Registration takes forever. “We’re closed,” she says. She doesn’t seem like she’s in a good mood. But it’s only 10:45AM. We were specifically told to come in today. The specialist said so yesterday over the phone. We’re from the clinic.

I’m not some stupid high school dropout, you know. I’m a trained nurse. Even though I’m new here, don’t look down on me.

I don’t know why you’re telling me this. I haven’t even said anything to you. She’s so defensive.

We just want to get a referral, ma’am. That’s all we want. Thank you, ma’am. Okay, thank you.


Is this OPD? Is this where we go? I’ve only been to urology before. I don’t know if this is it.


There are other kids here, but our kid is special. He came all the way from the mountains–from hours away. He was here last year; he was only three days old. His file is huge, with x-rays and post-op exams. He’s so, so small. How has he been through so much already?

I reach out to poke him, and he grasps my finger. His grip is strong. His fingers are chubby. He smiles at me with those watery eyes—ears sticking out, hair swaying in the breeze.

“Hello, baby. Hello there, baby.”


“No, she’s not here yet. Her flight just landed,” they say. “She was a bit ambitious with her schedule. She’ll be a bit late.” From New Zealand, they tell me. A doctor who cares. We could use a doctor who cares—we’ve been waiting here for over an hour at this point.


“How old are you?” He replies with a blank stare. “What is your name?” He doesn’t understand. “Do you eat well? You have to eat well. Please eat well. I want you to live.”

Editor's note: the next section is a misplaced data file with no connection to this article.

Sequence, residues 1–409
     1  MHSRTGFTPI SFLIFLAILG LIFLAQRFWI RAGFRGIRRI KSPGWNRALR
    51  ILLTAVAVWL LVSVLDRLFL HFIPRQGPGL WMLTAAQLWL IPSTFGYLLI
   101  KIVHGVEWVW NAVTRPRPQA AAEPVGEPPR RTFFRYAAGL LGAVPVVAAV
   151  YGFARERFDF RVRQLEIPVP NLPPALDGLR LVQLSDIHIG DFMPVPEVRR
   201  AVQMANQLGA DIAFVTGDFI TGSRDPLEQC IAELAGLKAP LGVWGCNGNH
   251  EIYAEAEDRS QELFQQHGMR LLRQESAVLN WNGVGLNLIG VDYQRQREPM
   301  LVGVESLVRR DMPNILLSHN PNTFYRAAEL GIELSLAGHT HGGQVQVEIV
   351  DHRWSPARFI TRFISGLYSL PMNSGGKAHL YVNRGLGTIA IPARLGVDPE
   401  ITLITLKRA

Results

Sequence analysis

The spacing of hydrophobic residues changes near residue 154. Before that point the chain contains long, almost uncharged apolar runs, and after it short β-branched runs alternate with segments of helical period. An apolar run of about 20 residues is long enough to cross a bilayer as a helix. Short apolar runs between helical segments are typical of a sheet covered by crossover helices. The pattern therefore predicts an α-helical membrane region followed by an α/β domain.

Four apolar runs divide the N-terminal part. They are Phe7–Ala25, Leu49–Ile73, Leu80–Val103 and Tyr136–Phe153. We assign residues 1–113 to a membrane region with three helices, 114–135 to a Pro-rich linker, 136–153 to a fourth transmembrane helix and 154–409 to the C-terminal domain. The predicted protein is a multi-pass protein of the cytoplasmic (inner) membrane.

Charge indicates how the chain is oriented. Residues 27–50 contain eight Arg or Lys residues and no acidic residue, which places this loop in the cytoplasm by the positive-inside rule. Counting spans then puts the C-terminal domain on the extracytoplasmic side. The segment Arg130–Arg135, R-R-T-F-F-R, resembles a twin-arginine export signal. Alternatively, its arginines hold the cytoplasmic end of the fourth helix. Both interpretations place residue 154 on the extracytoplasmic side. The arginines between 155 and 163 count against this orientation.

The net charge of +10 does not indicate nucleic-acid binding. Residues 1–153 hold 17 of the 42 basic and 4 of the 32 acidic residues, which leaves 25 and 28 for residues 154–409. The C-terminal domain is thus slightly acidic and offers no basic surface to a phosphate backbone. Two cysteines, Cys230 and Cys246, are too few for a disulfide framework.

I’m singing to him now. His mother rocks him in her sling. The music comes through my phone, soft and soothing. Nothing too loud, but loud enough to sing to. There are three other families here—three other families that have come to a consult. One baby has Hirschprungs. The other has polyps. They’re so damn cute. It’s such a damn shame.

I hope she arrives soon. I can’t sing forever. The longer I sit here, the sadder I get. The mom is sitting beside me, but the baby is slung facing away from me. I’m glad he can’t see my face. I’m not singing happy songs today. It feels like I’m singing a farewell.


She’s finally here. An enthusiastic, talkative, grey-haired woman. She’s wearing eyeliner, with a dab of blue by the tear ducts. Her energy is contagious; I shake her hand enthusiastically.

We take our seats, and she begins explaining the nutrition supplements. 24 bottles of 200mL each. They look like Frusion smoothies. 300 kcals per bottle, with four bottles per child. A bit of a bottle every few hours. Drink with a straw, or feed with a spoon. If you breastfeed, then breastfeed first. Do not stop breastfeeding. Do not wean yourself. If you start relying on the nutritional supplement, it won’t work. It’s very important that you don’t stop breastfeeding.

The Tetun rolls off my tongue. It’s been over six weeks, and I surprise even myself sometimes. The families stare at me as I instruct them how to take care of their children. They probably think I’m a doctor too.


“Are you from Ermera too?” No, no, I’m just here from the clinic.

“Are you a doctor?” No, I’m just a volunteer.

“Oh, that’s wonderful!” Well, I’m just here for my patient. I just want to make sure they’re okay. I just want to make sure they don’t get lost. I don’t mind staying, and I don’t mind translating for you. The other staff should translate too, though. They’re Timorese after all. This is their language, not mine. I’m just here to help.


We’ll come back on Monday. Well, they’ll come back on Monday. I go home in two days. I won’t see it happen. It’s okay, they’re admitted at the clinic. We’ll make special note for them to have plumpynut, since the mom needs nutrients too. Cassava. Water spinach. Corn. Rice. How do you live off of carbs and vegetables? He needs fat. He needs protein and fat. He needs to grow.


He doesn’t like the smoothie. The nutritional supplement must taste awful. I feel bad, because the mom is trying so hard. She tries to get him to feed, but he just cries and cries. At least he’s not vomiting. At least he’s responsive. Not like the other baby, the one who came in yesterday. We can’t let that happen again. We need to do better next time. We need to do our best. Because it’s our job. We volunteered to do this, not to have a vacation. I don’t know what I’m doing, but it’s still my job to do it.